Today, we often hear a lot about the virtues of compassion, fairness, and generosity. Unfortunately, these words are often used in a political context, as a persuasion tool to frame poor policies in a more palatable way.
President Barack Obama has especially stressed “fairness” as a major theme in his policy-making. An entire column could be written about his redefining of the word, but it is clear that he has stressed fairness as an important goal in his administration, regardless of how ineffective his policies have been in achieving such a goal.
It seems that one of the most important virtues has been long forgotten – prudence. To many, prudence is a word barely uttered, generally understood to be synonymous with “good advice” (hence Slate’s “Dear Prudence” advice column). What exactly does this ancient word mean, and how does it apply to our lives today?
Adam Smith, a Scottish moral philosopher and known as the “father of modern economics,” wrote a book called The Theory of Moral Sentiments in 1759. He dedicated a significant section of the book to defining and identifying the role of prudence.
Smith describes a prudent man as an honest, sincere person who lives with integrity. He chooses his friends wisely and invests heavily in their relationships. According to Smith, the prudent man has
“a steady and faithful attachment to a few well-tried and well-chosen companions, in the choice of whom he is not guided by the giddy admiration of shining accomplishments, but by the sober esteem of modesty, discretion, and good conduct.”
So far, prudence already confers a feeling of respect. Smith goes on to acknowledge a prudent man’s humility, commenting “he never assumes impertinently over any body.” A prudent man is described as following all the established “decorums and ceremonials” of society. He sets an example of politeness and proper conduct.
The key purpose of prudence can be justly summarized with the terms “security” and “stewardship.” First and foremost, a prudent man’s goal should be to preserve himself before aspiring to greater ambition.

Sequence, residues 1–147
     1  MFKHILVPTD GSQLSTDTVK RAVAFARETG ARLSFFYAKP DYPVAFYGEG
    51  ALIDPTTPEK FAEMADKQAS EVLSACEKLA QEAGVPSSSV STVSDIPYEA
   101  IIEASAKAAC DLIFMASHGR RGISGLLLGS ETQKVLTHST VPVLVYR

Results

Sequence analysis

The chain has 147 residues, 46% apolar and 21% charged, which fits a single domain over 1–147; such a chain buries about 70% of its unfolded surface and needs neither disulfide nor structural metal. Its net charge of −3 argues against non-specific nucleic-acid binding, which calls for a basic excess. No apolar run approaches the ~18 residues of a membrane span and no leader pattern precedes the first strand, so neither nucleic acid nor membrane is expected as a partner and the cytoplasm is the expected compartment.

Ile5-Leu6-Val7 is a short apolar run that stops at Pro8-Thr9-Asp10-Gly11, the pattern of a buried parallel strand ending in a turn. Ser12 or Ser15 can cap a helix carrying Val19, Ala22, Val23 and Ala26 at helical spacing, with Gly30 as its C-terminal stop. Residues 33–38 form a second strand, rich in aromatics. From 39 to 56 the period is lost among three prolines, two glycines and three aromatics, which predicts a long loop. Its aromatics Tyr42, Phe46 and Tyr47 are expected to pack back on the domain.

“It is averse to expose our health, our fortune, our rank, or reputation, to any sort of hazard.”
At first, it may sound a bit like selfishness. In our modern society, those with wealth, fame, or success are often admired as well as hated, praised yet vilified. These contradictory emotions arise from jealousy. We wish we had what others had, so we lift them up on a pillar. In doing so, however, we begin to resent their accomplishments.
Smith demonstrates that self-preservation, a key component of prudence, should truly be admired as one of the most honorable virtues. It is practically applicable as well. A prudent man is not loose with his money or enjoyments. Instead, he makes wise decisions concerning his own fortune and happiness:
“[The prudent man is] steadily sacrificing the ease and enjoyment of the present moment for the probable expectation of the still greater ease and enjoyment of a more distant but more lasting period of time.”
Though a prudent man keeps his own affairs in order, he is not tempted to use his success as cause to meddle in the business of others. He attempts to stay out of disputes and only offers his advice if asked.
Finally, prudence can be combined with many greater virtues, “valour, an extensive and strong benevolence, with a sacred regard to the rules of justice, and all these supported by a proper degree of self-command.” If this is done, Smith argues one can achieve “the utmost perfection of all the intellectual and moral virtues,” the “most perfect wisdom combined with the most perfect virtue.”
Perhaps we should try to recover the long-lost virtue of prudence.